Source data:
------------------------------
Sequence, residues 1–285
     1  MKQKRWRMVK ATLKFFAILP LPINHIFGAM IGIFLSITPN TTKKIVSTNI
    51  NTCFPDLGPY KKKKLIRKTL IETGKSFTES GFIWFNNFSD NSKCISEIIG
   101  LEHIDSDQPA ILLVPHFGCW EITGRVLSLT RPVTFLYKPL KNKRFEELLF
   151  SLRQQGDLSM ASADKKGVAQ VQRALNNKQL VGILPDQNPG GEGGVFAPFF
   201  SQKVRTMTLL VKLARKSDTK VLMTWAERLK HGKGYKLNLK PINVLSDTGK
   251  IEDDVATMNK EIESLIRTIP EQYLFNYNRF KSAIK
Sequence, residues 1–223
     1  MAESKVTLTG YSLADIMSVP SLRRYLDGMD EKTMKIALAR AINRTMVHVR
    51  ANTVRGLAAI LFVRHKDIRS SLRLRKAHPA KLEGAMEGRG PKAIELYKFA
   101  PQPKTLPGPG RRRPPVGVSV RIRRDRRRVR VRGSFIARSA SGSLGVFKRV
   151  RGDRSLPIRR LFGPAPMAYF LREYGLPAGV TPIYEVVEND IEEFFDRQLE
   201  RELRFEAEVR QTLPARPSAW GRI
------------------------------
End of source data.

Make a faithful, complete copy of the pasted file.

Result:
Sequence, residues 1–285
     1  MKQKRWRMVK ATLKFFAILP LPINHIFGAM IGIFLSITPN TTKKIVSTNI
    51  NTCFPDLGPY KKKKLIRKTL IETGKSFTES GFIWFNNFSD NSKCISEIIG
   101  LEHIDSDQPA ILLVPHFGCW EITGRVLSLT RPVTFLYKPL KNKRFEELLF
   151  SLRQQGDLSM ASADKKGVAQ VQRALNNKQL VGILPDQNPG GEGGVFAPFF
   201  SQKVRTMTLL VKLARKSDTK VLMTWAERLK HGKGYKLNLK PINVLSDTGK
   251  IEDDVATMNK EIESLIRTIP EQYLFNYNRF KSAIK
Sequence, residues 1–223
     1  MAESKVTLTG YSLADIMSVP SLRRYLDGMD EKTMKIALAR AINRTMVHVR
    51  ANTVRGLAAI LFVRHKDIRS SLRLRKAHPA KLEGAMEGRG PKAIELYKFA
   101  PQPKTLPGPG RRRPPVGVSV RIRRDRRRVR VRGSFIARSA SGSLGVFKRV
   151  RGDRSLPIRR LFGPAPMAYF LREYGLPAGV TPIYEVVEND IEEFFDRQLE
   201  RELRFEAEVR QTLPARPSAW GRI